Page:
Abstract

Three-quarters of global magmatism and one-quarter of global heat loss are associated with tectonomagmatic and hydrothermal processes governing oceanic lithosphere accretion and the aging of the lithosphere from ridge to trench. Hydrothermal reactions between seawater and oceanic lithosphere under zeolite to granulite facies conditions are linked with magmatic and deformation processes, but they differ in nature depending on spreading rates. Fast-spreading ridges with frequent eruptions have telescoped metamorphic gradients and short-lived hydrothermal systems. Less magmatically robust, slow-spreading ridges are commonly cut by normal faults that expose ultramafic rocks on the seafloor and sustain long-lived hydrothermal systems with distinct vent fauna and fluid compositions.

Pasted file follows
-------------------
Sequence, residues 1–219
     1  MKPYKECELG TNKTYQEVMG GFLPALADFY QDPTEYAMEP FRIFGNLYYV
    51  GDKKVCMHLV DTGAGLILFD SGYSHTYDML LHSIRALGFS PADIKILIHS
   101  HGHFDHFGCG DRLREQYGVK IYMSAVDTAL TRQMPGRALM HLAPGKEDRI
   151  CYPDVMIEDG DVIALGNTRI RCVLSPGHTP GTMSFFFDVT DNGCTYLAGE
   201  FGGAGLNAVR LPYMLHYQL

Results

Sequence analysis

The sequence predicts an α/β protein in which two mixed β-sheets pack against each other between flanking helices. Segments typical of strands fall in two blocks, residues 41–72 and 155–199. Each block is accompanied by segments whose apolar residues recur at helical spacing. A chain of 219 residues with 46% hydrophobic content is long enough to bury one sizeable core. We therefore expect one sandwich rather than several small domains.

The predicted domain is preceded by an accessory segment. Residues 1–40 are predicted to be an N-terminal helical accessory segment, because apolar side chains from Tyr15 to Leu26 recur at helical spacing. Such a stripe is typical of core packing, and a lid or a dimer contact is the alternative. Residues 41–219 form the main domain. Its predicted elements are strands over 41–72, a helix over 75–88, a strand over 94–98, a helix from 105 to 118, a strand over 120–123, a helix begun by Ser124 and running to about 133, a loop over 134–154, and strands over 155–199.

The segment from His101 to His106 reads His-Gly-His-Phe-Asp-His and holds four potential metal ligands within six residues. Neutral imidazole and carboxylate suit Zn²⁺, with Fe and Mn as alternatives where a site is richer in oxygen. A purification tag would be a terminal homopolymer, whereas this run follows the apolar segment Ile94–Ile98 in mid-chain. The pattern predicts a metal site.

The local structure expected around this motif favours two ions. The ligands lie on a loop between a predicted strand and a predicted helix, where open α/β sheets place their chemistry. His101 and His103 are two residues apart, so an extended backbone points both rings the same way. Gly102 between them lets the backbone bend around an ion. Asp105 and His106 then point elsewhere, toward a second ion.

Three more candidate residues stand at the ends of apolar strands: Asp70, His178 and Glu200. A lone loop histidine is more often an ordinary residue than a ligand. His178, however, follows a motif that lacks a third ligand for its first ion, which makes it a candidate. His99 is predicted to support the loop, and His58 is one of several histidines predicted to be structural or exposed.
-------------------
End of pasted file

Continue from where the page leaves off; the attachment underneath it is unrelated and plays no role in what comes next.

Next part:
You do not currently have access to this article.